We had to make changes; Prithvi’s build and body language is different from Ayushmann. Tabu played an older character in the original, while Mamta in this version is much younger.
The original had a bland palette, so we wanted to introduce some colour into it. I have also been watching a lot of Malayalam films and I find that many restrict themselves to murder mysteries and dark themes. I wanted Bhramam to have a lot of colour, like Pedro Almodovar films.
The cinematography of Andhadhun was by KU Mohanan, while you have handled the camera in the Malayalam version. Did you feel restricted because of the visuals in the original?
When Aamir remade Ghajini, he used the villain and heroine (Asin) from the original. We said, with sync sound, Asin might not be able to deliver the Hindi dialogues, he said we’ll dub. He made the film because he liked certain things about the film. Why change things too much? It is like buying a television because you liked it a lot and then adding extra speakers to it. If you liked it in the first place, leave it as it is.
That said, certain locations lend themselves to the visual. Every location is different, the houses and structures are different. You use the shot to tell the story, not copy as it is because it is there in the original. Use what is needed for the character to tell the story.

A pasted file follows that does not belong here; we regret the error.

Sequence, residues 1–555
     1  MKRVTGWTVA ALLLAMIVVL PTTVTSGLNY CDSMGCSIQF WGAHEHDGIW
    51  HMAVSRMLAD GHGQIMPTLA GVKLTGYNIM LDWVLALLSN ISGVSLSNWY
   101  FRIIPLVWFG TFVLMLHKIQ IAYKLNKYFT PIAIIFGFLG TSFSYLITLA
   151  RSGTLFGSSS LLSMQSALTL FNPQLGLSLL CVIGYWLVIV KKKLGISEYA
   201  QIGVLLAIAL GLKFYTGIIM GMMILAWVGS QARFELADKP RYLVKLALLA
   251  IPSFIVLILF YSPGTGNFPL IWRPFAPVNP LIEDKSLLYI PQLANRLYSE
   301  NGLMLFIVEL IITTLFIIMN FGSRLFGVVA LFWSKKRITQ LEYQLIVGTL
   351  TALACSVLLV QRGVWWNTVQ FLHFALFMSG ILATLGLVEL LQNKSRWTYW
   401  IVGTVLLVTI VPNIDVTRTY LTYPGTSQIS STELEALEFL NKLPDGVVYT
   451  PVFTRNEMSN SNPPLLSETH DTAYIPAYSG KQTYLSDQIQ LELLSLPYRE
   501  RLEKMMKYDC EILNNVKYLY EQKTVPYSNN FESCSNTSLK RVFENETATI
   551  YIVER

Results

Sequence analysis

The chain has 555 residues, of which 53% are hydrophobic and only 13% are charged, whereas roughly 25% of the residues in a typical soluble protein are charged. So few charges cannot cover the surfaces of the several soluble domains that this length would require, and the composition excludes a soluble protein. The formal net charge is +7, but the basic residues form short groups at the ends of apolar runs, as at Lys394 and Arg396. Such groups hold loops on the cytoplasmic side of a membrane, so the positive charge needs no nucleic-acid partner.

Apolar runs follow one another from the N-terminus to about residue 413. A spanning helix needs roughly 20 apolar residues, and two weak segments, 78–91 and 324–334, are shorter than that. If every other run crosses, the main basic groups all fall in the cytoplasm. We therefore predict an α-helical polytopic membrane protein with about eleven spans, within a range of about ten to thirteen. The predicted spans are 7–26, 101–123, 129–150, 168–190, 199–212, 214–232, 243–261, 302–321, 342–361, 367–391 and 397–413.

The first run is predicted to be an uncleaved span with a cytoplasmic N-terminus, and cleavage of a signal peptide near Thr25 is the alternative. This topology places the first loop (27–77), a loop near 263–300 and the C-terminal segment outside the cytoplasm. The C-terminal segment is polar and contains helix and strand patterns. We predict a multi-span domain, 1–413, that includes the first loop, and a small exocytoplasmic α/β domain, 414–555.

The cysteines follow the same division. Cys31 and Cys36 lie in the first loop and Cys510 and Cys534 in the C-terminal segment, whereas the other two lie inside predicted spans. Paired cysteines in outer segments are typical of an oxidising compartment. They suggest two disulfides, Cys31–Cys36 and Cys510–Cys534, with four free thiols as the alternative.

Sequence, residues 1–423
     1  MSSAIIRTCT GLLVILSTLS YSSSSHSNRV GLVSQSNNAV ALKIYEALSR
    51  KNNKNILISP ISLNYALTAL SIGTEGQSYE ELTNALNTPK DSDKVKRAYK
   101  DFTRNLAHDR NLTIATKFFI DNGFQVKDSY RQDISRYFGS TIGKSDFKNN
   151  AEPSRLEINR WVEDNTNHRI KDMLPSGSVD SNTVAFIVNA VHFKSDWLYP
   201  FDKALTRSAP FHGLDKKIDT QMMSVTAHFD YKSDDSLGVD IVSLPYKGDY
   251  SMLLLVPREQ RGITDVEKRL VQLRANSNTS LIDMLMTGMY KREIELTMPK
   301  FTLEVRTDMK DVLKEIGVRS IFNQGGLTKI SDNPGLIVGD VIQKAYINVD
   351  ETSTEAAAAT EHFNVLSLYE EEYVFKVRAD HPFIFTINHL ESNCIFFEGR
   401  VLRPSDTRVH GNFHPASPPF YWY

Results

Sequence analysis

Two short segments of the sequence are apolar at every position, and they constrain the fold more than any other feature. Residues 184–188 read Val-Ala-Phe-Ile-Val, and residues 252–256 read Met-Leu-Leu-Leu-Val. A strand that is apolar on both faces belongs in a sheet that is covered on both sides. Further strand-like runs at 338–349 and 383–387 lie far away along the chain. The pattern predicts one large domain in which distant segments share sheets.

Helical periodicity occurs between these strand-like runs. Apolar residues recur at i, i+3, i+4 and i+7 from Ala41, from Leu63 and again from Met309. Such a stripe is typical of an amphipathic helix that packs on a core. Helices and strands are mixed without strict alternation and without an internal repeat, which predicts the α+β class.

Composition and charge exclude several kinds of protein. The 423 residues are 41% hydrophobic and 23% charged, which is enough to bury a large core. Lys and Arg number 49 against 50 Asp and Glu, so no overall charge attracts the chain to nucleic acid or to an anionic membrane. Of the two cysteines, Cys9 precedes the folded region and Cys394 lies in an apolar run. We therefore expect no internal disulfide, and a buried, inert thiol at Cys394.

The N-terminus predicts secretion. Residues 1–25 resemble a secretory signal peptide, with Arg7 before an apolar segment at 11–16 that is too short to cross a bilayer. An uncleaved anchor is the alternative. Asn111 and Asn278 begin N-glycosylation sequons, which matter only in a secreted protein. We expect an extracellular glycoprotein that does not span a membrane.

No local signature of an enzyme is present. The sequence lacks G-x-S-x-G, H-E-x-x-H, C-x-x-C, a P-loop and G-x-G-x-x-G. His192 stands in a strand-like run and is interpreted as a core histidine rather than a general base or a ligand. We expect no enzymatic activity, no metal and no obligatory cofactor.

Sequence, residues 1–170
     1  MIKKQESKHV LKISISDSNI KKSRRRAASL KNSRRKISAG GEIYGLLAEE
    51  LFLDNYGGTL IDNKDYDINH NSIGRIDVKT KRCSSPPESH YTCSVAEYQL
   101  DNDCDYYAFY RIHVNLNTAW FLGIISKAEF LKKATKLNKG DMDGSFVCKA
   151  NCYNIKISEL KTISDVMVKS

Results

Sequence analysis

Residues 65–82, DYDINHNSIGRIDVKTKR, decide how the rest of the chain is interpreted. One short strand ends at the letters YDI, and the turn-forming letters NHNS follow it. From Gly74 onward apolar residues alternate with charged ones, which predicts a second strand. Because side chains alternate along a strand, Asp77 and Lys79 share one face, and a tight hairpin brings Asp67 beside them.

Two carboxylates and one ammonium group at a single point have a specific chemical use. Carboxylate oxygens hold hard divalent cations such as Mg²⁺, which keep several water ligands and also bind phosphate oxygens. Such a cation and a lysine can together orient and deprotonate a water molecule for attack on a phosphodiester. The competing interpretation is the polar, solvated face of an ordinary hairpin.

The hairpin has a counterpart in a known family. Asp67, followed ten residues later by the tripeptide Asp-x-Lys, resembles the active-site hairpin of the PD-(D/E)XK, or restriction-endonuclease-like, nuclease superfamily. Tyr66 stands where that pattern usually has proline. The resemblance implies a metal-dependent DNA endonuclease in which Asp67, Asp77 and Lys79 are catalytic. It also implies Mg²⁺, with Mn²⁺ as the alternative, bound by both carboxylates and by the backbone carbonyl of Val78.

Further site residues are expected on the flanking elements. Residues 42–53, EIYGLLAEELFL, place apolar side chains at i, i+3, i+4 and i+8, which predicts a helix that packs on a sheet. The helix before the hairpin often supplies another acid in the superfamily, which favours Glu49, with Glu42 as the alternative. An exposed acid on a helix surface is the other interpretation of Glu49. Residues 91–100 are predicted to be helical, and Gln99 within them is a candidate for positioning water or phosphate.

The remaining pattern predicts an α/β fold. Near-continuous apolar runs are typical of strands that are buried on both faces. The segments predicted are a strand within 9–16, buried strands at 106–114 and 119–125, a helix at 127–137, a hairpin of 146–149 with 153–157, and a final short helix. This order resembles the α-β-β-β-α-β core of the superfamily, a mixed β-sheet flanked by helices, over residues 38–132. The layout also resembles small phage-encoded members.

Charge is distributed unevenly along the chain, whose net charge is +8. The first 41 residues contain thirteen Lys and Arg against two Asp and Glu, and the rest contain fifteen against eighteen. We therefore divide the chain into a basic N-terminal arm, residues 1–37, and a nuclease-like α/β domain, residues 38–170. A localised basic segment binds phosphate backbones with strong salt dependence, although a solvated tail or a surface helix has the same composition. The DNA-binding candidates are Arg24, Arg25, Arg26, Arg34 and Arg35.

Was it difficult wearing two hats simultaneously; that of director and cinematographer?
The first couple of days were difficult. In fact, I called another DoP to shoot it. But Prithvi told me that I had not done a Malayalam film in the last 20 years and that he had always wanted to work with me as cinematographer. I told him doing both would mean that the film would take longer to complete, and he agreed and gave more dates.
We were able to shoot quickly. The Kerala crew was fantastic; initially, I thought it would be difficult for me as I was used to the Mumbai style of work. The guys were so good that we were done before time.
You have worked with some of the best directors of our times. Did some of that influence you?